For Immediate Release
Dec. 12, 2016
Contact: Dale Wetzel, Public Information Specialist
Baesler: Office Switch Will Help Early Childhood Education
BISMARCK, N.D., Dec. 12, 2016 – The North Dakota Department of Public Instruction (NDDPI) and the North Dakota Department of Human Services on Monday announced the transfer of the North Dakota Head Start State Collaboration Office from Human Services to NDDPI. The change will help strengthen and clarify how early childhood education services are provided in North Dakota.
State Superintendent Kirsten Baesler and Maggie Anderson, the interim executive director of the human services agency, began discussions about moving the office to NDDPI shortly after the incumbent administrator, Mark Schaefer, resigned in September.
Baesler said the change will strengthen NDDPI’s emphasis on early childhood education, and assist cooperative efforts among various early childhood education agencies and programs. Those include NDDPI and the state departments of health and commerce, as well as Head Start, Early Head Start, prekindergarten and early childhood special education.
“Our goal is to help low-income families prepare their children to begin school, and to increase their children’s chances for success once they start,” Baesler said. “This change will help to comprehensively support the healthy development of our North Dakota young people in the first years of their lives. At NDDPI, we already strive to address many of the same things that Head Start and other early learning programs promote within our state.”
Last year, Baesler was successful in obtaining $3 million in state support from the North Dakota Legislature for local early childhood education programs for 4-year-olds. Those grant funds are benefiting 978 North Dakota children during the 2016-17 school year.
Head Start and Early Head Start benefit preschool children in low-income families. Early Head Start aids pregnant women, infants, and toddlers to age 3. Head Start serves mostly 3- and 4-year-olds. Head Start was created in 1965; Congress approved the Early Head Start program in 1994.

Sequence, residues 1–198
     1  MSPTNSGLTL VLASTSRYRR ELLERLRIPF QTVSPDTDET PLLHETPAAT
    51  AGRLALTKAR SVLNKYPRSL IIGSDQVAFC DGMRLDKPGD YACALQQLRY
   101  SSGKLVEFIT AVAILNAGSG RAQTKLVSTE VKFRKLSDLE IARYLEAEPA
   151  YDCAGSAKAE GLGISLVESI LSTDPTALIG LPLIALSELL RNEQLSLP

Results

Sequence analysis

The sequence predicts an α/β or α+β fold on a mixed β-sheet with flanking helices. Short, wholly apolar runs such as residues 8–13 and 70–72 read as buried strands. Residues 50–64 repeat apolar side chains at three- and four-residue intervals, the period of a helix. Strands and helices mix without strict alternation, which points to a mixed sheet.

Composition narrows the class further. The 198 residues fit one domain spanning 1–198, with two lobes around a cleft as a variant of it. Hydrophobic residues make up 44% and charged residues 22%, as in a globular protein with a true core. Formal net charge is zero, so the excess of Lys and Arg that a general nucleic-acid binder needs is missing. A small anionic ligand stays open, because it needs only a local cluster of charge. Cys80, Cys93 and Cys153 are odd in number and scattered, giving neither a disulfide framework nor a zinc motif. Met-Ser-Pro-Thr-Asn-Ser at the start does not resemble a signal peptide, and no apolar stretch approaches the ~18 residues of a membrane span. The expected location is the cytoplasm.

Anderson said the Department of Human Services and the NDDPI “have a longstanding relationship and work in partnership on several early learning initiatives.”
“This office transfer is just another example of how collaboration can enhance services, resources, and programs for low-income children and families,” Anderson said.
Gov. Jack Dalrymple has agreed to the change. Allison Driessen, president of the North Dakota Head Start Association, said Head Start advocates across the state strongly support moving the Head Start State Collaboration Office.
“What the office brings is a strong foundation in parent engagement, health and well-being. We serve the entire family,” Driessen said. “Head Start shares NDDPI’s vision of educational success for life. Head Start gives low-income children the school readiness skills needed to be great learners. It is critical that somebody is representing low-income families as policies are being made.”
The Head Start State Collaboration Office promotes collaboration within North Dakota’s Head Start programs and maintains a statewide information resource on Head Start programs. The administrator represents the state and Head Start on several boards and councils with interests in early childhood education, including the Early Childhood State Advisory Council and the North Dakota Head Start Association.
The new administrator has not yet been hired. The job opening will be posted soon. The position will be within the NDDPI’s division of student support and innovation, under the direction of early childhood administrator Tara Fuhrer.